We Resist: Day 827

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One of the difficulties in resisting the Trump administration, the Republican Congressional majority, and Republican state legislatures (plus the occasional non-Republican who obliges us to resist their nonsense, too, like we don't have enough to worry about) is keeping on top of the sheer number of horrors, indignities, and normalization of the aggressively abnormal that they unleash every single day.

So here is a daily thread for all of us to share all the things that are going on, thus crowdsourcing a daily compendium of the onslaught of conservative erosion of our rights and our very democracy.

Stay engaged. Stay vigilant. Resist.

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Late yesterday and earlier today by me: An Observation and Joe Biden: A Man of His Era and Primarily Speaking.

Here are some more things in the news today...

[Content Note: Nativism; militarization of the border] Greg Jaffe, Missy Ryan, and Nick Miroff at the Washington Post: Pentagon Set to Expand Military Role Along Southern Border.
The Pentagon is preparing to approve a loosening of rules that bar troops from interacting with migrants entering the United States, expanding the military's involvement in [Donald] Trump's operation along the southern border.

Senior Defense Department officials have recommended that acting defense secretary Patrick Shanahan approve a new request from the Department of Homeland Security to provide military lawyers, cooks, and drivers to assist with handling a surge of migrants along the southern border.

The move would require authorizing waivers for more than 300 troops to a long-standing policy prohibiting military personnel from coming into contact with migrants.
It's "lawyers, cooks, and drivers" now, but naturally the loosening of this policy is opening the door to a militarization of the border that will result in violence that Trump desperately wants and for which he continually invents justifications.

Caitlin Oprysko at Politico: Rosenstein Defends Russia Investigation, Takes Shots at Obama Administration. "Deputy Attorney General Rod Rosenstein on Thursday [at the Public Servants Dinner of the Armenian Bar Association] teed off on the Obama administration's handling of Russian election interference and hit back at critics of the Russia probe in his first public remarks since special counsel Robert Mueller's report dropped last week. ...[H]e defended the investigation and its findings in his speech, as well as DOJ's dedication to the rule of law and staying above the fray of partisanship, declaring that 'today, our nation is safer, elections are more secure, and citizens are better informed about covert foreign influence schemes.'"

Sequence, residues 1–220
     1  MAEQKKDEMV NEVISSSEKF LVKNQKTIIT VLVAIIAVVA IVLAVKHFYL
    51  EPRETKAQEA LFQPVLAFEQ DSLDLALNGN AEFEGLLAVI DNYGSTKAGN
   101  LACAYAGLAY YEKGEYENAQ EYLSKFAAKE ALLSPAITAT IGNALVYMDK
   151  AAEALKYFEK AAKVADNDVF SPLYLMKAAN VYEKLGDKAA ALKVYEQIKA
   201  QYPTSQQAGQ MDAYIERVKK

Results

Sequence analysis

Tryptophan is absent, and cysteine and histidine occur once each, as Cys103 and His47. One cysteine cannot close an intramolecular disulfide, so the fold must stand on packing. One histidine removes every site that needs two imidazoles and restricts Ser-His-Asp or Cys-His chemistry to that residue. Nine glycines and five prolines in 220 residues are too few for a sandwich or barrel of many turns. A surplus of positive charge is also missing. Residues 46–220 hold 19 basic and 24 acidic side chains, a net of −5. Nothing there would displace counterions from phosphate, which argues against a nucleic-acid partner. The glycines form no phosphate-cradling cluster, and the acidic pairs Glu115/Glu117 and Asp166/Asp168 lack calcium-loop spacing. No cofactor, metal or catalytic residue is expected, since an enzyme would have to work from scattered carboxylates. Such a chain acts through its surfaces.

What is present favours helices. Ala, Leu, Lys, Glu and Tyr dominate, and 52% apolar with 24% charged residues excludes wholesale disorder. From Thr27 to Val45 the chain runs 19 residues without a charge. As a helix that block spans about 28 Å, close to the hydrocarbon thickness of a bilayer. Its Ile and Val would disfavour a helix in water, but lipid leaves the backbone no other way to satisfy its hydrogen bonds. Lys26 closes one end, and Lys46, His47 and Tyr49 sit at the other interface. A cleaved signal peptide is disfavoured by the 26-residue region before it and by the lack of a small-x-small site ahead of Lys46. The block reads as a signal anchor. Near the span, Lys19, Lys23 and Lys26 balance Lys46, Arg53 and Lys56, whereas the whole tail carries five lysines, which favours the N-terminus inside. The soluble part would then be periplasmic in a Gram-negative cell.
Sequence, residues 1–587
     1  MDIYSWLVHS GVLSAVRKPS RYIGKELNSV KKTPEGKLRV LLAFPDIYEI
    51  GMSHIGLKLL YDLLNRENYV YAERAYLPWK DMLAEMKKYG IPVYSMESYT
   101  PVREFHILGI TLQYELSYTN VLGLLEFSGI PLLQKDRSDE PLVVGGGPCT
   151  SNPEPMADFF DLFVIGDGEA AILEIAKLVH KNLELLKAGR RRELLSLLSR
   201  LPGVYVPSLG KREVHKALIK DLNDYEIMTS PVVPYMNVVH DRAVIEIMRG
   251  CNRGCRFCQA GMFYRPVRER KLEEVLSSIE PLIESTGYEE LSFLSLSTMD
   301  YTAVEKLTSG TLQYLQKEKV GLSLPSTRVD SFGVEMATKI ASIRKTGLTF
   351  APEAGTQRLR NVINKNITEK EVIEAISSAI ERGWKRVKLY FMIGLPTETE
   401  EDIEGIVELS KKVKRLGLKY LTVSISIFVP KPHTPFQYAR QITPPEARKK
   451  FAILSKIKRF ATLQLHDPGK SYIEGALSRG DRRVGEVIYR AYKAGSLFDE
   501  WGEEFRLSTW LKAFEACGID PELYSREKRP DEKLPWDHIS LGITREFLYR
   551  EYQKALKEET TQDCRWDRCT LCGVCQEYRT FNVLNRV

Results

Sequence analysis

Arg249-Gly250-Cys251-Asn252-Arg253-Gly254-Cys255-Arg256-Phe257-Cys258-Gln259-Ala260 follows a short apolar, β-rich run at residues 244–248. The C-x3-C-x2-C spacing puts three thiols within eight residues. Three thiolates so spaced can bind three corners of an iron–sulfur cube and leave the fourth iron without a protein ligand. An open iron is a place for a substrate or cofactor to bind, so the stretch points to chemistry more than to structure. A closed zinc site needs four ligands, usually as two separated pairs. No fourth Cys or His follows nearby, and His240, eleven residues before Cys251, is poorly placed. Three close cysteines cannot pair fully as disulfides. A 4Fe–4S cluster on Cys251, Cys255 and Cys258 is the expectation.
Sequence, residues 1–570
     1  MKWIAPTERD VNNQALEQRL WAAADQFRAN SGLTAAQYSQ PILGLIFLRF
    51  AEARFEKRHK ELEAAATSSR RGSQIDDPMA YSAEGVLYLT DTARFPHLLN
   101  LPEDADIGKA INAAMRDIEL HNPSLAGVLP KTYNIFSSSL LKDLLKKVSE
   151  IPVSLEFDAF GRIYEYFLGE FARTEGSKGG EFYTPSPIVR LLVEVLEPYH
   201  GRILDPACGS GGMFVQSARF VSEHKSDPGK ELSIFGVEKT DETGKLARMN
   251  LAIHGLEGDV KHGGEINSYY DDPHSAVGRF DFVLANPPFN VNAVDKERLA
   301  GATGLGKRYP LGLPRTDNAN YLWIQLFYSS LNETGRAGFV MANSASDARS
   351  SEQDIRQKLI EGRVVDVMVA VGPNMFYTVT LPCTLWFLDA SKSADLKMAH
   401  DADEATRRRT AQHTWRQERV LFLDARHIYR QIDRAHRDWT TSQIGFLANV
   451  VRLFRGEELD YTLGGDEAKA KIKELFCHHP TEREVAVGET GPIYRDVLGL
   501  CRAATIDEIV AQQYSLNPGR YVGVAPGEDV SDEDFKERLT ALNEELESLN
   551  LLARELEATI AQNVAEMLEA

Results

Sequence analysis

This is just a good reminder that Rod Rosenstein has always been a partisan hack.

Missy Ryan and John Hudson at the Washington Post: Trump Administration Expected to Distance Itself from Global Arms Treaty. "The Trump administration is expected to curtail U.S. support for a global arms treaty, the latest illustration of its aversion to international pacts and world governance. Arms control advocates, diplomats, and former officials said [Donald] Trump is likely to refer to his decision to revoke the United States' status as a signatory of the Arms Trade Treaty as soon as Friday, when he will speak to the National Rifle Association. The NRA has long opposed the pact."

[CN: White supremacy] Katie Galioto at Politico: Trump Says He Answered Charlottesville Questions 'Perfectly'.
Donald Trump on Friday defended his 2017 statement that there were "very fine people" on both sides of the deadly white supremacist protests in Charlottesville, Virginia, comments that recently came under fire again after former Vice President Joe Biden attacked Trump for them.

When asked for clarification on his remark about the racially charged clash that left one person dead, Trump stood by his claim made more than one-and-a-half years prior.

"If you look at what I said you will see that that question was answered perfectly," Trump told reporters on the White House lawn ahead of a trip to Indianapolis to speak at the National Rifle Association's annual meeting. "I was talking about people that went because they felt very strongly about the monument to Robert E. Lee, a great general."
First of all, no he wasn't. Secondly, even if he had been, describing superfans of Robert E. Lee as "very fine people" isn't acceptable, either!